Thycotic, a provider of privileged access management (PAM) platform, today announced its support for Kubernetes.
The company currently provides two types of PAM platforms for application developers. The first is DevOps Secrets Vault, which provides DevOps team with a mechanism to issue and manage secrets as applications or individual microservices are created and deployed.
The second offering is Secret Server, which provides a means of storing application credentials in a way that eliminates the need for developers to store secrets within an application where they might be easily compromised.
Billy VanCannon, director of product management for Thycotic, says developers of microservices-based applications that are deployed on Kubernetes clusters need to secure each one as it is being deployed. Thycotic addresses that requirement via a DevOps Secrets Vault platform that provides instant availability of secrets, SSH keys, certificates, application programming interface (API) keys and tokens.
Thycotic is extending that capability by employing a “mutating admission webhook” in Kubernetes to patch secrets using data ingested from either Secret Server or DevOps Secrets Vault, which eliminates the need for separate sidecar containers to be deployed on a Kubernetes cluster.
As a result, DevOps teams can employ a single PAM platform to centrally manage privilege policies across multiple types of applications, notes VanCannon.
Both Secret Server and DevOps Secrets Vault are designed to be integrated with other DevOps tools, including Jenkins, HashiCorp Terraform and Red Hat Ansible. Software development kits (SDKs) for programming languages including Java, Go, Python and .NET are also available.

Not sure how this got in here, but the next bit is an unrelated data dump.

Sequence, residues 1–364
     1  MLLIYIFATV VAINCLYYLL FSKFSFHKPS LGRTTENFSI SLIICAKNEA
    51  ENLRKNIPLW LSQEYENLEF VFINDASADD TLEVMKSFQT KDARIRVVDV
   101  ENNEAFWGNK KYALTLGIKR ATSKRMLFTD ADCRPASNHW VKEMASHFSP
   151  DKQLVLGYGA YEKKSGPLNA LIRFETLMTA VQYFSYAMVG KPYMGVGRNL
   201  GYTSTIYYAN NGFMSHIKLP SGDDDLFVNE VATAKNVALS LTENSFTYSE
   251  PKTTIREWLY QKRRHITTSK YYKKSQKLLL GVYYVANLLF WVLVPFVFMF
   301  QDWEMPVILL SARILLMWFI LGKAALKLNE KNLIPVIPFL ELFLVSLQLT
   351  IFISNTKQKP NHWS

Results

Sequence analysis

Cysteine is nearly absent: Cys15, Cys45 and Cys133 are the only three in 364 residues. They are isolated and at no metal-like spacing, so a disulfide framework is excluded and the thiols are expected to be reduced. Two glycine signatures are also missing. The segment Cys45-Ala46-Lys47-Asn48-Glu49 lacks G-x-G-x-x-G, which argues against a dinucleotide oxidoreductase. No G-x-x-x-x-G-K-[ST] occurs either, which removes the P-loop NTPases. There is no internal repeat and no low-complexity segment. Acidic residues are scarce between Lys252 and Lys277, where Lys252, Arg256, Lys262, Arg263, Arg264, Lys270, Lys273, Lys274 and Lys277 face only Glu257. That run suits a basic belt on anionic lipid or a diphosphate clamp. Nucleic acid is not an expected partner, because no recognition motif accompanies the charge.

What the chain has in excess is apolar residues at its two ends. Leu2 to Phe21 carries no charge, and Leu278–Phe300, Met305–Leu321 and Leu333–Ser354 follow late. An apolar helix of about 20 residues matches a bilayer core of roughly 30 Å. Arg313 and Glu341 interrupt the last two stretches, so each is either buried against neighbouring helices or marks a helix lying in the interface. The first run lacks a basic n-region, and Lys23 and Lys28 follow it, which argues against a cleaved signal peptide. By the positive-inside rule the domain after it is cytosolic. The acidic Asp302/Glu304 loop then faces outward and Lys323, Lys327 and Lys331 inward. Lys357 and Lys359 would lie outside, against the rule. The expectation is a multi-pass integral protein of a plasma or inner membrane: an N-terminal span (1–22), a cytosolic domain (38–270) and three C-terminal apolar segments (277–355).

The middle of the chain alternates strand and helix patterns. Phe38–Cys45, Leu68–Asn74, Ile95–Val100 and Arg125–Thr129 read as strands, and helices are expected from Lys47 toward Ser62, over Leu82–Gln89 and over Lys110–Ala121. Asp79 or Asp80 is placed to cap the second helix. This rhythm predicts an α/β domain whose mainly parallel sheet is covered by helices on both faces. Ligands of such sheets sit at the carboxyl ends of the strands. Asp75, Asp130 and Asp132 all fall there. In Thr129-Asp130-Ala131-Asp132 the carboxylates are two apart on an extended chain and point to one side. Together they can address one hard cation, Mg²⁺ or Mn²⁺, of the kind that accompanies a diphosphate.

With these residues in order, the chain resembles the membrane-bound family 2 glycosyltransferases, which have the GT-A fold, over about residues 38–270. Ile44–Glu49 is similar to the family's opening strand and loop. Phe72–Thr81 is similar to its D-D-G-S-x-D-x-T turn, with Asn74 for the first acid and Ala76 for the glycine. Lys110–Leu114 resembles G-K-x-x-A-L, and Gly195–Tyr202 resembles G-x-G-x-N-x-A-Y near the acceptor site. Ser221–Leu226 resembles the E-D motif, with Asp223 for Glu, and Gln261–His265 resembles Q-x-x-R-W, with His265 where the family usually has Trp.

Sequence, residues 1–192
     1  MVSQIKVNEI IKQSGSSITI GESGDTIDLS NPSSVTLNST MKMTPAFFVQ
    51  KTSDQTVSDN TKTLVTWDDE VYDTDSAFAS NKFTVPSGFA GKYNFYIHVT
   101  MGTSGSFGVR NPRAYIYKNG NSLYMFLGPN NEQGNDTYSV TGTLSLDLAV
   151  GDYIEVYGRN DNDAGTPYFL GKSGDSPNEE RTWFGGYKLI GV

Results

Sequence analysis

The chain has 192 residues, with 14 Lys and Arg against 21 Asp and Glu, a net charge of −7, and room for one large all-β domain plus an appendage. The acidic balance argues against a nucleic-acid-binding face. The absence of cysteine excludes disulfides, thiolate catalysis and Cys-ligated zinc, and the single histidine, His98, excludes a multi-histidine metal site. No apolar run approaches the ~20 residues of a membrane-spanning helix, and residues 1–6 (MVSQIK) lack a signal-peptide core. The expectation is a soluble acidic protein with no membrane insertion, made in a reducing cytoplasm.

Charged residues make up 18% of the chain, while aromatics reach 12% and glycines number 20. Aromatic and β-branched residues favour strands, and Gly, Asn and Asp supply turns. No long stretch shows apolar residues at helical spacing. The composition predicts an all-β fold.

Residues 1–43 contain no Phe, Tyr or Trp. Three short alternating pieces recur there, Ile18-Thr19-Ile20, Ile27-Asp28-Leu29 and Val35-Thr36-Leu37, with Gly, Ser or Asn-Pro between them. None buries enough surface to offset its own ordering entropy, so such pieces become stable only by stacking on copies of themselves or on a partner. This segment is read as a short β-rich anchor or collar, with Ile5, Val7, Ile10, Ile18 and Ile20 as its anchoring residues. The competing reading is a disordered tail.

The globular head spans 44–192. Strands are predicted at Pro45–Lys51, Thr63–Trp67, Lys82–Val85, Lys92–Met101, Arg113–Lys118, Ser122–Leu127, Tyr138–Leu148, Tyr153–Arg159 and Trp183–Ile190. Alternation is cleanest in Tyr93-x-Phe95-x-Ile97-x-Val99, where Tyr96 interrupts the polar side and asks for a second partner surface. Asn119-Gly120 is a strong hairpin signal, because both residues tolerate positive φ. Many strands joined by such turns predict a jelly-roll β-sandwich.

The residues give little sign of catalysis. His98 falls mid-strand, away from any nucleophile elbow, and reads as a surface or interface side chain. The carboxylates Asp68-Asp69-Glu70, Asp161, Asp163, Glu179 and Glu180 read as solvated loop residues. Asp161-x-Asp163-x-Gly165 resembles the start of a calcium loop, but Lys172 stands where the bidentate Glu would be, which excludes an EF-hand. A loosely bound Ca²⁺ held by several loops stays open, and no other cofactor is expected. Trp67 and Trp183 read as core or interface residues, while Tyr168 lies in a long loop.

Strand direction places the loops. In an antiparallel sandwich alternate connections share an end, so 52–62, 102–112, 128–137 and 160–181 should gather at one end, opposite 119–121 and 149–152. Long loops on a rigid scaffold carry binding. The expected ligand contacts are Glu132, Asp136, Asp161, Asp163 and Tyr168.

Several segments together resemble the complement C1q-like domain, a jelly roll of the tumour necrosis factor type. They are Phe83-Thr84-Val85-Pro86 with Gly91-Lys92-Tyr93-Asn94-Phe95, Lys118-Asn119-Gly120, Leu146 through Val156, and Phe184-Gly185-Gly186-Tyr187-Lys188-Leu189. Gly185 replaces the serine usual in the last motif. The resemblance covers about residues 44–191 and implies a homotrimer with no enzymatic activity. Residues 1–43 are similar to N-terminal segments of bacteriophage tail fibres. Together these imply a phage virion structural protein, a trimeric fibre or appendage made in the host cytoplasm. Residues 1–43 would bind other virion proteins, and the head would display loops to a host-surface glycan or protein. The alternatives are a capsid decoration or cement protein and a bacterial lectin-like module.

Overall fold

In general, certificates have become especially challenging for DevOps teams to manage. An SSL certificate can usually be issued in minutes by a certificate authority. However, that’s typically not fast enough for organizations that have adopted DevOps. Organizations that have adopted DevOps will need to automate the process for requesting a certificate from within their continuous integration/continuous delivery (CI/CD) platform. Containers deployed in Kubernetes environments exacerbate this issue even further because they are created in near real-time. As microservices are constructed using containers, each certificate needs to be created on-demand. Each task typically requires its own certificate so the total number of certificates that need to be managed increases as well.
In addition, there are multiple types of certificates that might be employed, each of which may expire at some point that DevOps teams are supposed to track. It’s not uncommon for applications to suddenly be unavailable because a certificate used to encrypt it expired without anyone realizing the deadline to renew that certificate had passed.
In general, there’s a lot more attention being paid today to software supply chains, which includes who on the development team has permission to access specific modules of code at any given time. The challenge is finding a way to ensure the integrity of the supply chain without slowing down the rate at which applications are being developed and deployed.